vestigating the naval base sites will
report this week. Alameda, on San
Francisco bay, is understood to have
been selected as a site for a main na
val base on the coast. San Diego Is
said to be the choice for a principal
aviation base and San Pedro for a
submarine base. Another aviation
base at Sand Point, Washington, nlso
will be recommended. Recommen
dations will include several minor
bases on the Pacific coast. Mare Isl
and Is said to be retained for smaller
vessels.- r ki'i&itjjkf
IDAHO AND 0. A.C.MAY
- ENGAGE IN PISTOL DUEL
OREGON AGRICULTURAL COL
LEGE, C'orvallls, Jan. 27. A pistol
match between teams representing f.
A. C. and the University of Idaho is a
prospect as the result of word Just re
ceived from Major M. C. Randall of
the Moscow Institution. The challenge
Issued by the college K. '. T. C. was
accepted and proposal made that eucn
institution enter teams of 60 men earn
rather than picked squad of five men
each. Each team will sh'mt off Its
match at home and the resulting scores
will be compared to decide tho contest.
POirLTRV PURCHASKS, '
BROCKVILLE, Ont.. Jan. 27
United States buyers at the poultry
fair held in this country purchased
3 S.OOO pounds of turkeys at the mar
ket price. The shipment represents
an outlay of $19,000.
Tolmcro Growing In Canndn,
OTTAWA. Ont., Jan. 27. (V. P.)
The Central Experimental farm of the
Dominion government has announced
that on application it will supply far
mers with a sample of choice seed of
several varieties of tobacco. The dis
tribution of this free seed represents
an effort onthe part of the govern
mcntto develop tobacco growing
throughout Canada into a large Indus
1'nvor Denial Infirmaries,
CHICAGO, Jan. 27. (U. P.) Plans
for tho crention of dental Infirmaries
in nil Inrge cities of the country were
to be laid here today at tho annual
meeting of the Chicago Dental Society.
Upwards of one thousand tooth ex
tractors from ull parts of the com
pafis were In hand.
A nation-wltle movement of mouth
hygiene was to bo Inunohed looking
toward improvement of mouth condi
tions In children by means of Instruc
tion in schools.
Kind Lsdy: if you love work,
tion't you find It?
Tramp: Ah, lndy. Iovo Is blind-
JAP-U. S. COURTS MAKE '
CONCLUSION OF INQUIRY
VLADIVOSTOK, Jan. 27. (A. P.)
The American naval court of inquiry
and the Japanese military court con
cluded an inquiry here today Into the
shooting of Naval Lieutenant Warren
H Langdon by a Japanese sentry here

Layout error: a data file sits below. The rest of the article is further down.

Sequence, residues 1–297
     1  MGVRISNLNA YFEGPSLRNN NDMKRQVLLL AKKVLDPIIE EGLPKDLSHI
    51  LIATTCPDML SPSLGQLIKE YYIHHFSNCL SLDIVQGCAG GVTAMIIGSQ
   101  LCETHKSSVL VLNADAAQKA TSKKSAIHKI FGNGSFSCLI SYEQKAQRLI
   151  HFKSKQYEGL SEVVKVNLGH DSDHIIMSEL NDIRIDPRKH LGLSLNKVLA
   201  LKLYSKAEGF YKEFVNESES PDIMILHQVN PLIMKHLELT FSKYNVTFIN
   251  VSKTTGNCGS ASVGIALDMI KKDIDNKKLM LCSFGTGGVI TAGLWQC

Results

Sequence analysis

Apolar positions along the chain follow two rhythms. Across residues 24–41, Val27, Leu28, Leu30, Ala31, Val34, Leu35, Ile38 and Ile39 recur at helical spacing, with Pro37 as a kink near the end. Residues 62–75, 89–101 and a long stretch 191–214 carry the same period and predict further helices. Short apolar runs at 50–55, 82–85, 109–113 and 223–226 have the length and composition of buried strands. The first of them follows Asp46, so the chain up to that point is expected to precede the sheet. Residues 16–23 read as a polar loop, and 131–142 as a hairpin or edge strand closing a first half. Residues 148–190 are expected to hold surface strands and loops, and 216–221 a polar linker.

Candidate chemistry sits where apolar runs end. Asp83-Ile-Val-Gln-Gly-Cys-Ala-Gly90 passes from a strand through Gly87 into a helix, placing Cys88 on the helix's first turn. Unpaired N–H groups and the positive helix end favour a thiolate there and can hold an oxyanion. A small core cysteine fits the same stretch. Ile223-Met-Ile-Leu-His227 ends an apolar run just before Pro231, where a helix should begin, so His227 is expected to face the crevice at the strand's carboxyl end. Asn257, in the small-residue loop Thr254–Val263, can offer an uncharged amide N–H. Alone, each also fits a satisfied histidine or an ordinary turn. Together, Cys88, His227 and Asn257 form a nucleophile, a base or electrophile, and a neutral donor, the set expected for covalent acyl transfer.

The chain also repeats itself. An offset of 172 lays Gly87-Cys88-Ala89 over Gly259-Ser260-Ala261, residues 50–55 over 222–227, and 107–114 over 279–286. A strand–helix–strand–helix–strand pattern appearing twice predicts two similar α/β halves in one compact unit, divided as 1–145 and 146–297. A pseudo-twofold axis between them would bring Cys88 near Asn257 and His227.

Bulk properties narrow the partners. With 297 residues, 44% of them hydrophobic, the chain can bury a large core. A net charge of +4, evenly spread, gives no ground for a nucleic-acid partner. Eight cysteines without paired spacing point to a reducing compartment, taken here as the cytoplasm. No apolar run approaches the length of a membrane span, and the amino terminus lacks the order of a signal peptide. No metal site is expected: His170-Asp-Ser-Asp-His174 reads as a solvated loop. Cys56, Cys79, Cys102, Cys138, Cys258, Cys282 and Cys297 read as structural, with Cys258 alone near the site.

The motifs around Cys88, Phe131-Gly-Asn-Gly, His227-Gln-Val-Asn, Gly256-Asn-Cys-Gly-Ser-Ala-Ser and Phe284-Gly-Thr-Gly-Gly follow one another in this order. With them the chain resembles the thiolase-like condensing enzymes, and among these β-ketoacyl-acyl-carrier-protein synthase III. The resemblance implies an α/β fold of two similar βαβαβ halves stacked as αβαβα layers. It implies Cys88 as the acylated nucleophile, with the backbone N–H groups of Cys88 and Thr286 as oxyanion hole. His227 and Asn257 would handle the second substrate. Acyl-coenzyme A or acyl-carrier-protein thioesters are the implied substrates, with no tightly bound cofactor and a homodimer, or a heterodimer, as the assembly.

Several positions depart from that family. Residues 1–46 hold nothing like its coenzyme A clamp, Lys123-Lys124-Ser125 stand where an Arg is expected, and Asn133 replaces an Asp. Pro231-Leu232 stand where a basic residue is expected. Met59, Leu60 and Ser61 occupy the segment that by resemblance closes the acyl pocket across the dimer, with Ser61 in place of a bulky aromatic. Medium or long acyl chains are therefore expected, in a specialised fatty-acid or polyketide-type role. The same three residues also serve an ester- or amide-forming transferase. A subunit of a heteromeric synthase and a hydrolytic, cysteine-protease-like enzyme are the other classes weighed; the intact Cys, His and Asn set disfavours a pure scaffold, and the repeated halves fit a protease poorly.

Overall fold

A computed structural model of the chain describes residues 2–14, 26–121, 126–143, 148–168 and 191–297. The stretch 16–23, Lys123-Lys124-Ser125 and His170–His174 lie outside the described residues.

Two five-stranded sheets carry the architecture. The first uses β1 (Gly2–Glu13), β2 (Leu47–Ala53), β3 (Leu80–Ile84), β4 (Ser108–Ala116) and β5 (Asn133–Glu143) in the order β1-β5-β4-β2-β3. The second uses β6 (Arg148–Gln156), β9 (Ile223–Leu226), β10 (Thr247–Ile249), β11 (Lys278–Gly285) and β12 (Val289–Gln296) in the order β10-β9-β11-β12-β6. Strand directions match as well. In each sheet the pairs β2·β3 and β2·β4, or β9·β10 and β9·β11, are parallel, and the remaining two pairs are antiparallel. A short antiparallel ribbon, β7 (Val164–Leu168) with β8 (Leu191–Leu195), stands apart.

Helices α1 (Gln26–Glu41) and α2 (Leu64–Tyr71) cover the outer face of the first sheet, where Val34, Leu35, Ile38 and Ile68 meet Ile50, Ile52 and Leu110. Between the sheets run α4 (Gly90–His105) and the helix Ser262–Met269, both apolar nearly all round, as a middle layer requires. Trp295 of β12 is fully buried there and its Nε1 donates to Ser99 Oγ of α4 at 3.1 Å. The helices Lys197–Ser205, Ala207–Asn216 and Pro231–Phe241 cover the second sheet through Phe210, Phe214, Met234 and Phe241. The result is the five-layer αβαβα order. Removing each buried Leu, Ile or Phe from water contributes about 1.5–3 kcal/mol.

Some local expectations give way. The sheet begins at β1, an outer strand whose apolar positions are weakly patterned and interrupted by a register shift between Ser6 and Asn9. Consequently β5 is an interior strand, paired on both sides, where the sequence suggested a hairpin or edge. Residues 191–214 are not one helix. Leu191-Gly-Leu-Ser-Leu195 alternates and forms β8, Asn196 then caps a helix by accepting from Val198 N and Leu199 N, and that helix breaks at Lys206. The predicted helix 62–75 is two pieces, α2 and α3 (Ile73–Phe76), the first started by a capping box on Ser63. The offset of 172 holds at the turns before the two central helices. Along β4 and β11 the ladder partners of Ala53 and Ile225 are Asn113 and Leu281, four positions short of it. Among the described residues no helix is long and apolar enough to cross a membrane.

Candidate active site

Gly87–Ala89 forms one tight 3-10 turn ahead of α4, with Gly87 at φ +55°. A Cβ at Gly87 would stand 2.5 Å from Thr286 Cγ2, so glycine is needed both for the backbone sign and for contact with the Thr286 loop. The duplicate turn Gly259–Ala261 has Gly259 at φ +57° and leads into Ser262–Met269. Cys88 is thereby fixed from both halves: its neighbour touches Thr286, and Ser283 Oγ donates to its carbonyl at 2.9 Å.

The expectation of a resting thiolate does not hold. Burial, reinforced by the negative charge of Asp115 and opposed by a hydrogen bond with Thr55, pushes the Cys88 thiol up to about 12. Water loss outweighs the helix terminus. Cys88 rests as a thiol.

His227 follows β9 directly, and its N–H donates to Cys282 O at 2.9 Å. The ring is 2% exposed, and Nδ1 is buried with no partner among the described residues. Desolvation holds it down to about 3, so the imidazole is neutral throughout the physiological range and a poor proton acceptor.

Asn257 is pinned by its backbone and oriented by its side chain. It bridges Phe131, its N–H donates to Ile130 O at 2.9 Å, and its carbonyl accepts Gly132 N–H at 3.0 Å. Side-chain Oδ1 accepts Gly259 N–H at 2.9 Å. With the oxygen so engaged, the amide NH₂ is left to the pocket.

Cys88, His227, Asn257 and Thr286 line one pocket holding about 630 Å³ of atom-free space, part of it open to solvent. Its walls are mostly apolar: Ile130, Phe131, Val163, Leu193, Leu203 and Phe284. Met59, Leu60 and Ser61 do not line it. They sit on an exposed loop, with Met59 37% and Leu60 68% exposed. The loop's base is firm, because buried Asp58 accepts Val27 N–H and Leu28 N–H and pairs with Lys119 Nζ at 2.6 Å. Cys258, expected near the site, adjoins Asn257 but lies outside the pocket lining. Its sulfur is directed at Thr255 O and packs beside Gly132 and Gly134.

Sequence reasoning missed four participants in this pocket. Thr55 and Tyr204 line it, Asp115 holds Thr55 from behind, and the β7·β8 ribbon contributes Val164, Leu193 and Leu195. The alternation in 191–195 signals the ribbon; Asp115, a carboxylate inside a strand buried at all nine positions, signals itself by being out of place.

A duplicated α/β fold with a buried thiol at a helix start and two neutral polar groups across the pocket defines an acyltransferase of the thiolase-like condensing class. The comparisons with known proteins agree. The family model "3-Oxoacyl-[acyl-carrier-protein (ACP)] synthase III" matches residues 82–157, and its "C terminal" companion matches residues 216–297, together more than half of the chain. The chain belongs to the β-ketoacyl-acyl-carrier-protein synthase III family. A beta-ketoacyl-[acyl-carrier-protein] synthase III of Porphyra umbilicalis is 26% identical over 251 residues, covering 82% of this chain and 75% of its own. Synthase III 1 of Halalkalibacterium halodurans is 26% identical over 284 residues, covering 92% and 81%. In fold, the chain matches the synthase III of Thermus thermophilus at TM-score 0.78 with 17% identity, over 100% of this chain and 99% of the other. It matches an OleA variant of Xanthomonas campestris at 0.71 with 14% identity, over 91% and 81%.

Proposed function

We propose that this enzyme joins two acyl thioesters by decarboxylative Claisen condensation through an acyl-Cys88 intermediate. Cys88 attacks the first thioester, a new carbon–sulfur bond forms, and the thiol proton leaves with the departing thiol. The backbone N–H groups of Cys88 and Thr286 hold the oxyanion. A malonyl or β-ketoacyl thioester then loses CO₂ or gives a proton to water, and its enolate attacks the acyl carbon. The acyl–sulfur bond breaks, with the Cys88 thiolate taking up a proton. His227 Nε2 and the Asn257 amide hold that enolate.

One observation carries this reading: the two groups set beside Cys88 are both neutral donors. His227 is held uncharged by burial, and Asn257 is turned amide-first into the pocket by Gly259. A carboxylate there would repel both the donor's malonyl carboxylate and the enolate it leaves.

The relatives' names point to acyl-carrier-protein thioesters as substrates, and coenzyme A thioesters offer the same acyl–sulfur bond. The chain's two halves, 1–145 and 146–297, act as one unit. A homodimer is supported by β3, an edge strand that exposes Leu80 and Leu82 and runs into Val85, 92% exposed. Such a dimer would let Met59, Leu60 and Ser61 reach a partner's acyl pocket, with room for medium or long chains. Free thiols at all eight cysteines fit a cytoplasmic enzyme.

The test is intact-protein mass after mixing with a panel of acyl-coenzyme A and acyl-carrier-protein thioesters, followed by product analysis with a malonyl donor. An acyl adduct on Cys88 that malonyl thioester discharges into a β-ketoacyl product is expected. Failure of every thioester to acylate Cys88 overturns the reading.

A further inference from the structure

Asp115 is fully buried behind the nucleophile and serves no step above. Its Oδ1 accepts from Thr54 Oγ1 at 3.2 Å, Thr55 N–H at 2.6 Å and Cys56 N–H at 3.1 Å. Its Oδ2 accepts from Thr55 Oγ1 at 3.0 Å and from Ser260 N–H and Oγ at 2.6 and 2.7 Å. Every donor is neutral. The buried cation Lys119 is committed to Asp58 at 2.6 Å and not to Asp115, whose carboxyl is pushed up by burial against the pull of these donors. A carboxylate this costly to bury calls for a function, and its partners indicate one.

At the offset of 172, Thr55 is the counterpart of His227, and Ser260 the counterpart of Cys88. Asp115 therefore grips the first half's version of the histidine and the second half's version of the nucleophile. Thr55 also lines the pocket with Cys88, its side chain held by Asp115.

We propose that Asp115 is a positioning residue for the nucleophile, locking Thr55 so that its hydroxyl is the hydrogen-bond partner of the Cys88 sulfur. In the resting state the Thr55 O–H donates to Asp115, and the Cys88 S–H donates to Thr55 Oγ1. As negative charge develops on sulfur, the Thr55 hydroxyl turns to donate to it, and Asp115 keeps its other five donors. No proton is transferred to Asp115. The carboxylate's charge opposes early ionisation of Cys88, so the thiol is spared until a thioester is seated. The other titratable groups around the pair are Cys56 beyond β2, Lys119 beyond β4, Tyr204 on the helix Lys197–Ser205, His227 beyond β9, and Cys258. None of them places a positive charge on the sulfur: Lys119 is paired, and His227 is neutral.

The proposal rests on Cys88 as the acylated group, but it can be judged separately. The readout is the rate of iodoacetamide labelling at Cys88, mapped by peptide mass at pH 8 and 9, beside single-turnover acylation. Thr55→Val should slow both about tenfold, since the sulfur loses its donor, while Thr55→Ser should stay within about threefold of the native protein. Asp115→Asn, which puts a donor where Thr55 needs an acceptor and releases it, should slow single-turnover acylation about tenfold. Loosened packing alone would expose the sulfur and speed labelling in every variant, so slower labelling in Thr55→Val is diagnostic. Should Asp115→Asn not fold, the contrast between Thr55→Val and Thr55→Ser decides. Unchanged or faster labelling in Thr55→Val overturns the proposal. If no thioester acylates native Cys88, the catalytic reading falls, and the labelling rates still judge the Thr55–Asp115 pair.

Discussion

early this month. A decision is ex
The U. S. S. New Orleans, which
brought Admiral Cleaves, commander
In chief of the American Asiatic fleet,
and the board of naval officers here,
left today for Shanghai, taking the
body f Lieutenant Langduu.
Things You Don't Know About Peopl
You Do Know
rr'tn(! j, !. ' 1 '' r,j
ALICE M. RCDERT30N'
Miss Alice M Robertson of
Oklahoma, the only woman elect
ed to the new Congress, doesn't
believe in silk stockings. What's
more, she never wore s pair in
prealdout of Mexico, is parlor
ron urer t0 newr
acquaintance, by doing
Thoma A Edoti refuses to
wear panto tvlih ordinary side
poiltcts Has 'em mado with ,old
fashinnid "overall" pockets down
Hie front, so things won't Ull out
tthon he sit down.
KCHO, Jan. Mr1, and Mrs. AVm.
Rsselstyn left here Tuesday for Walla
Walla to attend the lumbermen's con
vention. They will be gone the re
mainder of tho week. W. J. Wnlten
hurger has charge of the Tum-A-Lum
yard here during their absence.
M. K. Hewitt, who Is janitor at the
Echo school, was sick Monday and un
able to attend to his work.
Louis Auclalr went to Portland tho
last of the week to accompany his sis
ter. Miss Clara, home. Miss Auclair
recently underwent an operation for
appendicitis In a Portland hospital.
1. M. Peterson, local attorney, was a
week-end visitor In Milton.
Mrs. L. Mather of Rutter creek,
spent Sunday In Echo at the home of
her slater, Mrs. J. F. Spinning. . .
The Pelmulder girls of Jlermlston,"
visited the school. here Tuesday. They
rtiport the Hermlston school closed os
account of dlptheria.
This Is the third week of revival
services being conducted at the M, B.
church, by the pastor, Rev. E. I
Wolfe. Much good is being accom
plished. Mrs. Al Mntt of MeMlnnvllln, and
her sister. Miss Klla Moore, who is a
nurse in Portland, 'were In Echo last
week visiting relatives and. friends. ,
Mrs. Mott and Miss Moore were for
mer Kcho girls. .
Word received by relatives here
states that Mrs. Frank Hale, who has
been quite, 111 In Seattle l much Im
proved. Mrs. Halo lives In Echo.
A rabbit shoot Sunday near Riitter
creek was greatly enjoyed by all who
attended. About two hnndred rabbits
were killed. A duilelous lunch was
served. - Those who attendod were
Mr. and Mrs. Howard Diew, Mr. and
Mrs. B. T. Neely; Miss h'innia flolaxler.
J. Frank Spinning, Donald Madison,
Guylord Madison, Hubert Willi.
Gaylord Madison of Butter creek,
was a Hermlston and Echo visitor
Mr. and Mrs. Wm. Howard of Cut
ter creek, were business visitors here
Mr. and Mrs. Frank Fowler, of Hor
mision, visited at the homo of I. If.
Gobbell on Friday,
On Sunday, Mr. Patterson, tho line
man from I'endlqton,. und chief wire
man Honry Thomson, also of Pendle
ton, were at the local phone, office.
Henry PclmuldYf of Hermlston was
Clifford iKsselstyn of Lexington, was
a visitor here Tuesday until train time
when he left for Walla Walla.
TON STATE WILL
UliH. VINCENT ASXuit
Mrs. Vincent Aslor- has only
It half dozen evening gowns and
u half dozen streot dresses. She
rould afford .to spend millions on
clothes, but rarely buvs a druM
that costs as much s $200. .
OLYMPIA, Wash., Jan. 27- Wnsh-
iiKton'n- new state cnpltol grcmp build
ngs being erected hero on a site over-
oolflng l'uget Sound, will be one of
ho finest set of buildings of its kind
n the nation, Clnrk V. Kavluge, state
land commissioner, declared ; in his
annual report made, Vi)'lti hero re
cently. The buildings, Mr. Snvidge declar
ed, will be completed nt a cost of ap
proximately $25,0110,000 without a
cent coming from the taxpnyers.
Money received from slate cnpltnl
Innds in various parts of the state Is
expected to meet the cost of the build
ings. It will take ten years to com
pete tho f work., . i